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Edmonton Riverbend covers some of the city’s southwest area including the riding’s namesake community.
It’s been contested only since the last election in 2015 where Conservative Matt Jeneroux won with just under half of the votes and a nearly 20 per cent margin of victory.
The riding was carved out of the prior constituency of Edmonton-Leduc which elected Conservative James Rajotte as MP four times between 2004 and 2015. Rajotte won those races with an average vote share of just over 60 per cent and a margin of victory of 39 per cent.
This year sees what is essentially a rematch of the 2015 contest with Jeneroux again facing off against Liberal Tariq Chaudary and Green candidate Valerie Kennedy.
Jeneroux was elected as a Progressive Conservative MLA in 2012 and won election as an MP with the Conservatives in 2015. In Parliament, he’s worked as the shadow minister for infrastructure and shadow minister for science.
Chaudary is contesting the riding for a second straight election after finishing second behind Jeneroux in 2015 by more than 11,000 votes. Chaudary has lived in the riding for 13 years, holds four master’s degrees and has worked in business for close to four decades.
Kennedy is running after retiring in the spring following four decades of teaching at Alberta universities and colleges. She says she’s passionate about health and has run her own small businesses as a movement counselor and fitness leader.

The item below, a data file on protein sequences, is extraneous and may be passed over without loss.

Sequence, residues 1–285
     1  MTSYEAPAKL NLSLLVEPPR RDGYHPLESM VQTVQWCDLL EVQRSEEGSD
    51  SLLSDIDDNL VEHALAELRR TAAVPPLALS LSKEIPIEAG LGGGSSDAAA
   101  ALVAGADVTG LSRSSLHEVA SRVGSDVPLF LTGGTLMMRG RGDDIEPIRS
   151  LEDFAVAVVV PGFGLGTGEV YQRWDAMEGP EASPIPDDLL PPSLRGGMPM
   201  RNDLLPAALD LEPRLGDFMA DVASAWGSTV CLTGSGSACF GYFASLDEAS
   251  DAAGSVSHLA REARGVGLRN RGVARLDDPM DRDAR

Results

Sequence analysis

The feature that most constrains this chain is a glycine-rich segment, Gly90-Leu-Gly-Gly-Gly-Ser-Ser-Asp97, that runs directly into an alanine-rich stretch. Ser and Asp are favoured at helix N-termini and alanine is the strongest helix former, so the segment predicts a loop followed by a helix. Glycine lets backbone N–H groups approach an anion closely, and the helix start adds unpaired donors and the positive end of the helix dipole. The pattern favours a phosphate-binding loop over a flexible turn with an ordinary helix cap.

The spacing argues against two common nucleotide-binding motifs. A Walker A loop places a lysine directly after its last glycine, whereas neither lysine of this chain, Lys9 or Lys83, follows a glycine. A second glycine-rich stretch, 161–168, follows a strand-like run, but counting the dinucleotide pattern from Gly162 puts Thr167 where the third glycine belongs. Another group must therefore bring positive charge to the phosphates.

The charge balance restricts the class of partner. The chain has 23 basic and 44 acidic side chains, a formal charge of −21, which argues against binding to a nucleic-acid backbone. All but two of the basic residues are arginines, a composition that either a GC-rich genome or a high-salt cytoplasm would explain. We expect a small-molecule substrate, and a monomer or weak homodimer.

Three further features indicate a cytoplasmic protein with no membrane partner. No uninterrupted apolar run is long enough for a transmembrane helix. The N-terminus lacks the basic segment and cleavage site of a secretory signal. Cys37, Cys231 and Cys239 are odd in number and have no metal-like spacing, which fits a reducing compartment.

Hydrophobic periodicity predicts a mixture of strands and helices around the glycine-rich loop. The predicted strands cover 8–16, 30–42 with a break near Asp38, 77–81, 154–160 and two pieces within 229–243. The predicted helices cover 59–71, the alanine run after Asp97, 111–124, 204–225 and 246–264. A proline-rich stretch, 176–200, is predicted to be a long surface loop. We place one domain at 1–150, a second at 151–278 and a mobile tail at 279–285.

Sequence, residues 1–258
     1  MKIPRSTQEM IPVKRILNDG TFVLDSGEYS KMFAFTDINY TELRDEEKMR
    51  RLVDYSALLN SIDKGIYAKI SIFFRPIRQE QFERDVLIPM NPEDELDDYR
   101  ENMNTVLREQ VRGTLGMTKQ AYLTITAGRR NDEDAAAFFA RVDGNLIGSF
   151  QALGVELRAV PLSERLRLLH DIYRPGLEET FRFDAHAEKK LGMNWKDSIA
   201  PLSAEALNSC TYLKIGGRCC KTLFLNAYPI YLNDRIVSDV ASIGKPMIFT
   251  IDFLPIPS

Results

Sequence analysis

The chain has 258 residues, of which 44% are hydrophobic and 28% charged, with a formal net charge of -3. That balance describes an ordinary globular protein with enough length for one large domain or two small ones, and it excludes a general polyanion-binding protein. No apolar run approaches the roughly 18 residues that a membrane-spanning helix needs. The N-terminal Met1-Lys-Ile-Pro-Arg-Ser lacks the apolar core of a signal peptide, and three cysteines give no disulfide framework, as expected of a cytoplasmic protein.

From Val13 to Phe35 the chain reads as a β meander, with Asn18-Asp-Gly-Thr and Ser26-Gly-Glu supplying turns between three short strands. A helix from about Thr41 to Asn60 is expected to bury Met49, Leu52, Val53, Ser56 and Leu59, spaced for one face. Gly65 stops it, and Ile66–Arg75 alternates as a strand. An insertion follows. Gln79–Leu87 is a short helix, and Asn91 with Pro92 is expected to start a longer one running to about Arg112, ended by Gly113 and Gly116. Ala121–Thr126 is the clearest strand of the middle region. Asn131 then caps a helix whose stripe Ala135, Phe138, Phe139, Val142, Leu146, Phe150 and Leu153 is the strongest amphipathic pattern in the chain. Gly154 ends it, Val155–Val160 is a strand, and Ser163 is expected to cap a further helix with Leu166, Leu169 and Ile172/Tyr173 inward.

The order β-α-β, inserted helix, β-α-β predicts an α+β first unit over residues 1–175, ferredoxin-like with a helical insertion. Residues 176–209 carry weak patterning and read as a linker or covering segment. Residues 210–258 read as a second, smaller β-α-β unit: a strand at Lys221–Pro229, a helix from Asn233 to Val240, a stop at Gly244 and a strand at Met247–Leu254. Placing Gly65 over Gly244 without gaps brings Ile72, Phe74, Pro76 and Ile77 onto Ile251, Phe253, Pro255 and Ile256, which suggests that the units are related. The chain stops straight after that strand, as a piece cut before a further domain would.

An alumus of Grant MacEwan College, Morris has three decades of experience as a software builder and has worked on projects for the University of Alberta Hospital, Canadaian Red Cross and SPAR Aerospace.
Redman, 29, works with Boyle Street Community Services and says she has volunteered for all three levels of government. She’s also worked as an art instructor, youth and family counselor and family engagement worker.
The area is a Conservative party stronghold with conservative candidates from the Canadian Alliance, Reform Party, Progressive Conservative Party and modern-day Conservative Party having handily held the seat virtually since its creation.
MacEwan University political scientist Chaldeans Mensah expects a similar result this year.
“The last time was a massive victory for Jeneroux. I don’t see that changing given Trudeau’s unpopularity in Alberta given his handling of the energy file.”
The Conservative vote share fell by nearly 10 per cent in last year’s contest but the result was nonetheless another landslide Conservative win.